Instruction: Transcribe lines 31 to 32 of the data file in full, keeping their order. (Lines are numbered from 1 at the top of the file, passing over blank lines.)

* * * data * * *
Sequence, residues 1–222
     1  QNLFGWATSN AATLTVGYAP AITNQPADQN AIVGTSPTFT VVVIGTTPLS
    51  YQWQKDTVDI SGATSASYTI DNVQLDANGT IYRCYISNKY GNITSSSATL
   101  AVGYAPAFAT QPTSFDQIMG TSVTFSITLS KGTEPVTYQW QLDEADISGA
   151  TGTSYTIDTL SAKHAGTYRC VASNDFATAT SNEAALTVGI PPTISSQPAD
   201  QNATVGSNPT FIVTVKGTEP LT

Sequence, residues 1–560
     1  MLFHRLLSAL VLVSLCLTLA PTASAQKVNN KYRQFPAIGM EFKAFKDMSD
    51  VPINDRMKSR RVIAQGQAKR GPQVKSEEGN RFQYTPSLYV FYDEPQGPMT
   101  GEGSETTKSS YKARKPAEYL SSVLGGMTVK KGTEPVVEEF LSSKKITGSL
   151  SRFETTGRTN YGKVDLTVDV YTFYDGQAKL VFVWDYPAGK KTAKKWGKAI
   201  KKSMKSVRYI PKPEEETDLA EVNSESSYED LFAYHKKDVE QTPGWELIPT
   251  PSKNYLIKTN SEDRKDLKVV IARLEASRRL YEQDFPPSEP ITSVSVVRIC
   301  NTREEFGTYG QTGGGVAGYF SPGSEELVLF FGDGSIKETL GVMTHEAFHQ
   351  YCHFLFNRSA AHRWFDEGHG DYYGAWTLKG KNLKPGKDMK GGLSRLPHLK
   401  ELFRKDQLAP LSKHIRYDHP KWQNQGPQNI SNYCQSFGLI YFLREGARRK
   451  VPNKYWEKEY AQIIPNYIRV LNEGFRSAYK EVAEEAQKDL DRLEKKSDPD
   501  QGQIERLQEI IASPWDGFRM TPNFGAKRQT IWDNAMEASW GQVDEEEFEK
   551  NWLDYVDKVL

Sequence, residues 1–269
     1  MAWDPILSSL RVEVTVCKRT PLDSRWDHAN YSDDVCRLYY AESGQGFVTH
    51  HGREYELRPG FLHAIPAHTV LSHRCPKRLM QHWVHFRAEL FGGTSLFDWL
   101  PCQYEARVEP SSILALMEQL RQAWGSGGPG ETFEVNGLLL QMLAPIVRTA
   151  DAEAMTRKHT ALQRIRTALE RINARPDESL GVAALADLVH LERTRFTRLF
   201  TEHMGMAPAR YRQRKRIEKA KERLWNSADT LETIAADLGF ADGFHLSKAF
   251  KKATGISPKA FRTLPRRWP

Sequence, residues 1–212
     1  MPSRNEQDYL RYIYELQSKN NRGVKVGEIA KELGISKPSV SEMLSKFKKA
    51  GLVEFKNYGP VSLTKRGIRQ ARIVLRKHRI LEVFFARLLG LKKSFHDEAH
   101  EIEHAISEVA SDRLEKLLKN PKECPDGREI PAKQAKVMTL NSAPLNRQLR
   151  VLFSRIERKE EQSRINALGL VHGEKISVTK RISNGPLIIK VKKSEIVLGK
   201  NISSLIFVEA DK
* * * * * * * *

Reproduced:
   151  VLFSRIERKE EQSRINALGL VHGEKISVTK RISNGPLIIK VKKSEIVLGK
   201  NISSLIFVEA DK